“When I first started, it was hard to earn respect and build my own reputation outside of being the boss’s daughter. I appreciate that I was introduced to manufacturing and the family business at an early age. The sooner you are exposed to the business, the better you’ll understand it. And aside from that, being confident and having a drive to come to work will get you promoted time and time again. I love manufacturing, and I love people – that is the beauty of running a family business where we take care of each other. We have a network of great people here who help raise our kids, and we try to have enough flexibility for working parents to support their families too.
“My advice to women in family businesses is to be patient. Especially if you are the next generation. It can be beyond painful when you feel ready to take on responsibility and leadership and it hasn’t happened yet, but there’s usually a reason. You just have to find it out, versus thinking you know better.”
Jody Schulte is the marketing manager and fifth-generation family member of Jefferson Telecom in Jefferson. She also is chair of the board of directors for WesTel Systems, the family’s telecom business in Remsen.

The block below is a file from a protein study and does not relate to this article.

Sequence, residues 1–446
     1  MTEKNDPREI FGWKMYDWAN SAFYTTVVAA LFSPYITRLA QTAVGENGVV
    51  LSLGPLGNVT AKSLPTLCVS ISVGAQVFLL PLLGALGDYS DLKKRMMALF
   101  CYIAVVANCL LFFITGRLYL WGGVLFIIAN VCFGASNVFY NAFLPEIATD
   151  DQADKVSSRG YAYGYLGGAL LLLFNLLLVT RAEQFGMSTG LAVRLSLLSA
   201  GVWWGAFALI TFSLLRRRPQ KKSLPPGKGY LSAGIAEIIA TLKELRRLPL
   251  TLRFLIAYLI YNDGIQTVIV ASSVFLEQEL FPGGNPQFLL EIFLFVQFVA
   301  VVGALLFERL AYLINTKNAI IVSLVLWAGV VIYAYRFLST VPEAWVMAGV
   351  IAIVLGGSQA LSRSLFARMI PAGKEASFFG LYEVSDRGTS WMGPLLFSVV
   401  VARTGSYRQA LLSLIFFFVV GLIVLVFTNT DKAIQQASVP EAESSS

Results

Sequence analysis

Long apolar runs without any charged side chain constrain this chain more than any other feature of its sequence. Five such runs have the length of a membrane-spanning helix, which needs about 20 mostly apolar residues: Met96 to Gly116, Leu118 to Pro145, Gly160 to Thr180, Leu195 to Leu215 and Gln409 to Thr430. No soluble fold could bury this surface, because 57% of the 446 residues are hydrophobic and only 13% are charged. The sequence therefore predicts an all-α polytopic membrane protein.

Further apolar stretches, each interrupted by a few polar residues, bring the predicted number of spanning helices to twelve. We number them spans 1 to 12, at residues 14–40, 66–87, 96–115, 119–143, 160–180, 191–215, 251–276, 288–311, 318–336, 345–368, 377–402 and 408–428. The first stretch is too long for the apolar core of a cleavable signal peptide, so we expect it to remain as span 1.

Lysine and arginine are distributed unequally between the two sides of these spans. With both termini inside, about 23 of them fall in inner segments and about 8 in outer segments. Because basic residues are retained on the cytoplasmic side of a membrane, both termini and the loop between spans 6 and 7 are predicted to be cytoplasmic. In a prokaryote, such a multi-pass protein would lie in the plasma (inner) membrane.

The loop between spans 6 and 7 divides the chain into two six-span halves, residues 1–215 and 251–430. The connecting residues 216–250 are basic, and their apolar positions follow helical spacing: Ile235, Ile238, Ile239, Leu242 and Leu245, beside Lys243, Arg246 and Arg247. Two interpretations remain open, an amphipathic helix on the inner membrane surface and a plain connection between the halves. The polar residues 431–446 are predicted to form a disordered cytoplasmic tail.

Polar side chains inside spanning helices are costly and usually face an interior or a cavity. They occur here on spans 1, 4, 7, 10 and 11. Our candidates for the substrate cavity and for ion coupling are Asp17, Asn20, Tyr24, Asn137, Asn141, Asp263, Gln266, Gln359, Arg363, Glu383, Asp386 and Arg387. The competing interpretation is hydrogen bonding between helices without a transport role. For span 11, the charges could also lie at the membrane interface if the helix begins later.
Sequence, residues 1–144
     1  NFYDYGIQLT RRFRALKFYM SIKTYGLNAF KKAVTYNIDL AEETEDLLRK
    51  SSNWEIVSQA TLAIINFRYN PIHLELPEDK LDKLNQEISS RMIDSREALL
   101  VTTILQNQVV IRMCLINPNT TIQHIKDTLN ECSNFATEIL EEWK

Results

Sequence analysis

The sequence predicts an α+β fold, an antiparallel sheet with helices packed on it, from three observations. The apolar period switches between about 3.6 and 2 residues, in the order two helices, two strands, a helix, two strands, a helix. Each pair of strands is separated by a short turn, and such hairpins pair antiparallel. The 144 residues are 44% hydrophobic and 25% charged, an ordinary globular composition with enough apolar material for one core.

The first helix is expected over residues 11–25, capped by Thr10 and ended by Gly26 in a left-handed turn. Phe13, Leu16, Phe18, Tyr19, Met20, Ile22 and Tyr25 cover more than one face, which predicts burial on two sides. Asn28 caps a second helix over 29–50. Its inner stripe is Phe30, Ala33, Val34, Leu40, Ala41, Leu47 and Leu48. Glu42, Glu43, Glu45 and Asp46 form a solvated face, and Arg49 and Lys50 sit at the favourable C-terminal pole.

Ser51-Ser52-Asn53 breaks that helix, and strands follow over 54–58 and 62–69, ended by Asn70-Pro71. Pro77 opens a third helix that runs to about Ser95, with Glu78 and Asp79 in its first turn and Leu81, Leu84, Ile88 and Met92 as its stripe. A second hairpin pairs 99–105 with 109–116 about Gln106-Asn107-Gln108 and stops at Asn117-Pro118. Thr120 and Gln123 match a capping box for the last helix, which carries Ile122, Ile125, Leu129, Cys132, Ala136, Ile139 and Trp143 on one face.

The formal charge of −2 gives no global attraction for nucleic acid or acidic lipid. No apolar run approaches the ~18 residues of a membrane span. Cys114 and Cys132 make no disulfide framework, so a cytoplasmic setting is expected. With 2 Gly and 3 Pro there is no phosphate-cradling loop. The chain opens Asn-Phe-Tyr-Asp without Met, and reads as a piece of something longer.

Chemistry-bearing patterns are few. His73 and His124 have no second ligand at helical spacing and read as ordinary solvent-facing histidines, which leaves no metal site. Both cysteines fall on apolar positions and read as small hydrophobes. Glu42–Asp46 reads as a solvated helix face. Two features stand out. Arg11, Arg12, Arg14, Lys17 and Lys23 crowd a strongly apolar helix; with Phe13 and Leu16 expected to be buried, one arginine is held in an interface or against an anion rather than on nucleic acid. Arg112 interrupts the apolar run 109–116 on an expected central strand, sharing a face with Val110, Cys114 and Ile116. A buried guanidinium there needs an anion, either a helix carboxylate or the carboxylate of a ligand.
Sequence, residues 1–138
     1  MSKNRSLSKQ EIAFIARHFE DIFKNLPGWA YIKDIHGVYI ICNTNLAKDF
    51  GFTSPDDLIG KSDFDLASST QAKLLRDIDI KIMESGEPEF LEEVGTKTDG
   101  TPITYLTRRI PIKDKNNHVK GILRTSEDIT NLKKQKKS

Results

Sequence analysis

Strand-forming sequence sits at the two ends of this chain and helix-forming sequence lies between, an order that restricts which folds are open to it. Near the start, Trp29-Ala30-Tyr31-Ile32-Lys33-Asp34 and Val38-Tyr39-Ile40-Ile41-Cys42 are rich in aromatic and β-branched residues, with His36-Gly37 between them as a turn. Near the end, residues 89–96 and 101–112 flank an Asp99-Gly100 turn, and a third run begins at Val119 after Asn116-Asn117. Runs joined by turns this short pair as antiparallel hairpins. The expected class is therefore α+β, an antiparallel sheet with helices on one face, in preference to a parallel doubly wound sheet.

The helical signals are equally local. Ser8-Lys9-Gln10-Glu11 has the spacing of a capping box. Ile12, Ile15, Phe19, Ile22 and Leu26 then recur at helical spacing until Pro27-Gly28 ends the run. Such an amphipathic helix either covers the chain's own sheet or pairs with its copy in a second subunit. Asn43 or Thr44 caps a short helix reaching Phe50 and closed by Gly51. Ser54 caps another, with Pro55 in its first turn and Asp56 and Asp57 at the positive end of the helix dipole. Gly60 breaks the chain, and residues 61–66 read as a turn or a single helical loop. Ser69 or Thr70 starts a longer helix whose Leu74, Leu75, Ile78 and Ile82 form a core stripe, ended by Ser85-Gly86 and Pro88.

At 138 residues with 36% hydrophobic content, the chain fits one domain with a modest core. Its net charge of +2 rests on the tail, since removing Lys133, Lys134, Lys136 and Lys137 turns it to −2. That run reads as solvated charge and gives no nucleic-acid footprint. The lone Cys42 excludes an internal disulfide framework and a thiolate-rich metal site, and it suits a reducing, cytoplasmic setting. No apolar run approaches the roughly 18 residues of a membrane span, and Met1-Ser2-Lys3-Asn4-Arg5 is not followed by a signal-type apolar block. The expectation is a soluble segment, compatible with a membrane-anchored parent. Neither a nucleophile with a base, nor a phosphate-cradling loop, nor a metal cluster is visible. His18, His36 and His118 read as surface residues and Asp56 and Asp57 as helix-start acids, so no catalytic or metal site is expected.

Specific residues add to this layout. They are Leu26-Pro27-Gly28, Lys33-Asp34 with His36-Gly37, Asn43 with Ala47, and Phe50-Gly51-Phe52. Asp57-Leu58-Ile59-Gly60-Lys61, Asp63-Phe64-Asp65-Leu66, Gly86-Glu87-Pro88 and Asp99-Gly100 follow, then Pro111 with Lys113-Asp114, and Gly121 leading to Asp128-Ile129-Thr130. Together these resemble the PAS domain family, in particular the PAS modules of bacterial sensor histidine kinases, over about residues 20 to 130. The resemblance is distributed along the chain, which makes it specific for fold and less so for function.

“After college, I worked outside of the business for a few years. Meanwhile, my husband owned a few businesses and we felt like our daughter was spending more time with a babysitter than a parent. My dad approached me about doing marketing remotely from where I was. I thought about it for a while and talked to other family members who encouraged me to make the leap. It was important to me that I earned that role rather than having it given to me, so I drew on my outside experience to build respect and relatability in the workplace and have been working at Jefferson Telecom for 16 years.
“I believe that the power of networking is truly important. I put myself out there and formed a great relationship with a peer who was a marketer at another telecom business in Iowa. We had a once-a-month Zoom meeting, and it was one of the things I looked forward to the most. Also, through a national telecom group, I was paired up with a general manager of a business in Idaho who is not family but works with a family business. We’ve enjoyed our monthly meetings, and she uses me to get the family perspective as far as how she’s trying to balance board meetings with family members.